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Three Tips for Keeping Data Secure and Useable

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data privacy

When the General Data Protection Regulation (GDPR) was first introduced in Europe in 2016, much focus was placed on data privacy worldwide, and similar regulations are slowly being put in place all over the world. As a result, many operators need to prepare compliance with various regulations.

When working over your compliance with some of the most common points of data regulations across the world, here are three tips on how to strike a balance between compliance and usability:

Design Around Encryption

Regulations mention encryption as one method to protect data from getting into the wrong hands. Data encryption is indeed the IT industry standard for keeping data private. By translating data to code and protecting it with passwords and keys, operators can ensure only relevant individuals have access. Even better is two-layer security, which encrypts both the server and individual pieces of data.

However, while encryption is seen as the best practice solution for sensitive data like social security numbers and bank account info, it comes at a cost. Once data is encrypted, it’s hard to use it for data reporting or trend analysis, since everything must be decrypted as part of the process.

When operators start encrypting all their data, they should consider the design of their reporting functionality. Sometimes less sensitive data can be used for reporting instead.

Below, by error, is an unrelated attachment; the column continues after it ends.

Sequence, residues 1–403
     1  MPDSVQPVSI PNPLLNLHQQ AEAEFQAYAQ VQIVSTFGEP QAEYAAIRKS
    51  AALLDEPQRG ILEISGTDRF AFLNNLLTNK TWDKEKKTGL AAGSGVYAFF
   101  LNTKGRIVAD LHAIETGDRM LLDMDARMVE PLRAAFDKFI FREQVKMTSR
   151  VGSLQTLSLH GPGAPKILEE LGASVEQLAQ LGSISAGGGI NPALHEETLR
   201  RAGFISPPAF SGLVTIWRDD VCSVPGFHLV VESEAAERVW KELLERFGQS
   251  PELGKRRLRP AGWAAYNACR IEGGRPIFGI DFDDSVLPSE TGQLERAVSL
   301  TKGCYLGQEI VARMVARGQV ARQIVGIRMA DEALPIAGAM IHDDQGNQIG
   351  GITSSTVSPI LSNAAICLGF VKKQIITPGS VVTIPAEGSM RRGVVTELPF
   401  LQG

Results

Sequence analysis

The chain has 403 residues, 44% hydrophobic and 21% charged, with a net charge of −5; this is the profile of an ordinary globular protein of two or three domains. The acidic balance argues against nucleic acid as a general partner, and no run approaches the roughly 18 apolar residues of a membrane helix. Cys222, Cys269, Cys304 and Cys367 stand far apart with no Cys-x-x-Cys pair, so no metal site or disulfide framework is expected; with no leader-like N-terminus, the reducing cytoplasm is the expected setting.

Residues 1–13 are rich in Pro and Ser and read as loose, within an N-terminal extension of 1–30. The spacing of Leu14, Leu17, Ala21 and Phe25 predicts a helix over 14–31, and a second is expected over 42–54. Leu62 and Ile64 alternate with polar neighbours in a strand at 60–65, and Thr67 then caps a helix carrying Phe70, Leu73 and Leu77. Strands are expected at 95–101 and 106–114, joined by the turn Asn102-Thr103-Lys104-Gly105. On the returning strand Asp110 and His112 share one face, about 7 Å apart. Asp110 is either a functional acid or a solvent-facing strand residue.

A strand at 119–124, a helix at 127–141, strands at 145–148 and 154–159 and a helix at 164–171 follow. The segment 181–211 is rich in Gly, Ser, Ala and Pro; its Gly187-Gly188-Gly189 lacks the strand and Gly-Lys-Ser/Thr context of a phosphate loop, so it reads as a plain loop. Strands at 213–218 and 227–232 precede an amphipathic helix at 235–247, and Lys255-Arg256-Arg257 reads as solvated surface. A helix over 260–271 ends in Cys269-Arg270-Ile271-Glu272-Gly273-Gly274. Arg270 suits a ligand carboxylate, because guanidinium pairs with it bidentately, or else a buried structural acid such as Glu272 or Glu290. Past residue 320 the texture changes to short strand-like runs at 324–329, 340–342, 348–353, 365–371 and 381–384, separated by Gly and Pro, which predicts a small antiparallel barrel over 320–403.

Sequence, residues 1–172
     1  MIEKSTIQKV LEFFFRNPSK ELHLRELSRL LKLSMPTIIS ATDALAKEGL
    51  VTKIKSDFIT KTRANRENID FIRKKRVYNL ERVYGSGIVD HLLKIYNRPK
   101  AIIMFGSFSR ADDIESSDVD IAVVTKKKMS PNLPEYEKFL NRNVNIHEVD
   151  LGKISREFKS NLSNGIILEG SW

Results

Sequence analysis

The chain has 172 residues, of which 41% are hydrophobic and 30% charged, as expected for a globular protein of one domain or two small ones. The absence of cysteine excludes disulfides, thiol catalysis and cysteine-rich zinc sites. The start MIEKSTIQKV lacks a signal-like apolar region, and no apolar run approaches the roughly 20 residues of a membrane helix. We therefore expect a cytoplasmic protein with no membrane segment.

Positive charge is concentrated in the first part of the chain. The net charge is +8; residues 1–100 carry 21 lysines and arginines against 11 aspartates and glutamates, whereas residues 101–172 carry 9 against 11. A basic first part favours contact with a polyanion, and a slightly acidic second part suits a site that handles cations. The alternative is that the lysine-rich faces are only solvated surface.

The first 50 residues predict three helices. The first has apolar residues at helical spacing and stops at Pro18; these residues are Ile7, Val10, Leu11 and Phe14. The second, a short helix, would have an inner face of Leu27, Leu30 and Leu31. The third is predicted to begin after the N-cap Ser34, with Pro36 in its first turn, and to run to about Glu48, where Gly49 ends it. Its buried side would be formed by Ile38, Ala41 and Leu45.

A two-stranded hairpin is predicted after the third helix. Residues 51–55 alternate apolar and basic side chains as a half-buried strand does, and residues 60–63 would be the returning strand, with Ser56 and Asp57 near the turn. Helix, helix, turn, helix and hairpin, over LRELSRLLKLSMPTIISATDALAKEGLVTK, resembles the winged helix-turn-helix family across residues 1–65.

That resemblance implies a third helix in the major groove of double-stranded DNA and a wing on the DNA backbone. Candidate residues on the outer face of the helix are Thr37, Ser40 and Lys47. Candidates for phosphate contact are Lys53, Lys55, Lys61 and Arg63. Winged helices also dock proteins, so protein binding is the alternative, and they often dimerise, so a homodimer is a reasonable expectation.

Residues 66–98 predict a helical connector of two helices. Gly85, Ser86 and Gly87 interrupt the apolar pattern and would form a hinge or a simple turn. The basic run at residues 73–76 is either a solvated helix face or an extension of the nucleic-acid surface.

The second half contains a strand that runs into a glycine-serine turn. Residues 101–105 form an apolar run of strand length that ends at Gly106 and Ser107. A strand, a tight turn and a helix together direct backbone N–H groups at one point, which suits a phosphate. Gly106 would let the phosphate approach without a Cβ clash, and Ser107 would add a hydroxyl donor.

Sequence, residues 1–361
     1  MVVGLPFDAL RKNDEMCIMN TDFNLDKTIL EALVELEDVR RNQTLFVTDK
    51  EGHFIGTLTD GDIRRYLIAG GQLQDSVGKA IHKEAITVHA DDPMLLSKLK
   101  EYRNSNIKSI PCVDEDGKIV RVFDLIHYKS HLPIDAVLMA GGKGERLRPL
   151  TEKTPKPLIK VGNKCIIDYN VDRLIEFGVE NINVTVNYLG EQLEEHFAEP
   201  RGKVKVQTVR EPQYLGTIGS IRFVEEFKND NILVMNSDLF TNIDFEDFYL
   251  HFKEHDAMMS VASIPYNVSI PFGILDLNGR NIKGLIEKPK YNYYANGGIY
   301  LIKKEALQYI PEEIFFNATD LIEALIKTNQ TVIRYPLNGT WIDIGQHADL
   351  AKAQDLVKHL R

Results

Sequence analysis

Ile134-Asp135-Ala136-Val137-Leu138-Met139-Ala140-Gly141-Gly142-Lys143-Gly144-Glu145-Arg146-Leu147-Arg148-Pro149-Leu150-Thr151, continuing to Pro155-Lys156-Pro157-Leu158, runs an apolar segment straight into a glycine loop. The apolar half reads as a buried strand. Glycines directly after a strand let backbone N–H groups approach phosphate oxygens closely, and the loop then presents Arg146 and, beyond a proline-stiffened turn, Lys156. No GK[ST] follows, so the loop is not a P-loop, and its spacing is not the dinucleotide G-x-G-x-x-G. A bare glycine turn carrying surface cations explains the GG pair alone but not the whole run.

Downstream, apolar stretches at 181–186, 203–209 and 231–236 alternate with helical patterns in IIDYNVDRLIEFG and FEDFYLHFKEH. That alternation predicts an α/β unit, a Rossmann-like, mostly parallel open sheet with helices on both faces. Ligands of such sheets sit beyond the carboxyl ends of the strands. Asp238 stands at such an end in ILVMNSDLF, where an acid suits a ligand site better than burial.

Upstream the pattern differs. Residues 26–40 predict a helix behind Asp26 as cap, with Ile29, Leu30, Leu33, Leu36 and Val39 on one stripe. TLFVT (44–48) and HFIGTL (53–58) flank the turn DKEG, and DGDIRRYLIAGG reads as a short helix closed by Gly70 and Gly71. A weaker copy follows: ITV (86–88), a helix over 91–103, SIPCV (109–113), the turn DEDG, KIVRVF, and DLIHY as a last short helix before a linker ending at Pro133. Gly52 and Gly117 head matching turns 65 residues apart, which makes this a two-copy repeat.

Remember Data Access and Portability

Amongst others, regulations give individuals the right to data access and portability. From an industry standpoint, members must be allowed insight into their data and the option to take their data with them if they decide to move to another gym. This includes all information about the member, communication about them, and internal notes and memos where they are mentioned.

Training schedules, training programs, notes, records of payments and more might be split across many systems. Make clear processes or consolidate where possible — the fewer systems, the easier the task.

One single member management system is especially useful for data requests, eliminating the need to go through many systems to find all the necessary data.

Think About Anonymizing Versus Pausing Memberships

Once members stop their memberships, operators are required to delete or anonymize member data. Automated anonymization features in member management systems make this process easier. All personal information like name, address, birthday and credit card information is automatically deleted, while details like gender and training times are anonymized and still available for reporting.

Data deletion and anonymization hit operators especially hard when it comes to reporting. It’s difficult to encourage members to rejoin when you can no longer be in touch with them. Some users aren’t entirely satisfied with their data removal either. They may need to leave the gym for an extended time due to surgery or a move, and they want to access their training schedules when they get back.

Instead of automatically deleting a user’s data when they quit, give those members the option of a low-fee “membership pause.” This lets you keep them in your system and allows for future engagement. Alternately, give members a copy of their training schedule for when they return.

Jesper Witt is the compliance and operations lead at Exerp. He can be reached at sales@exerp.com.

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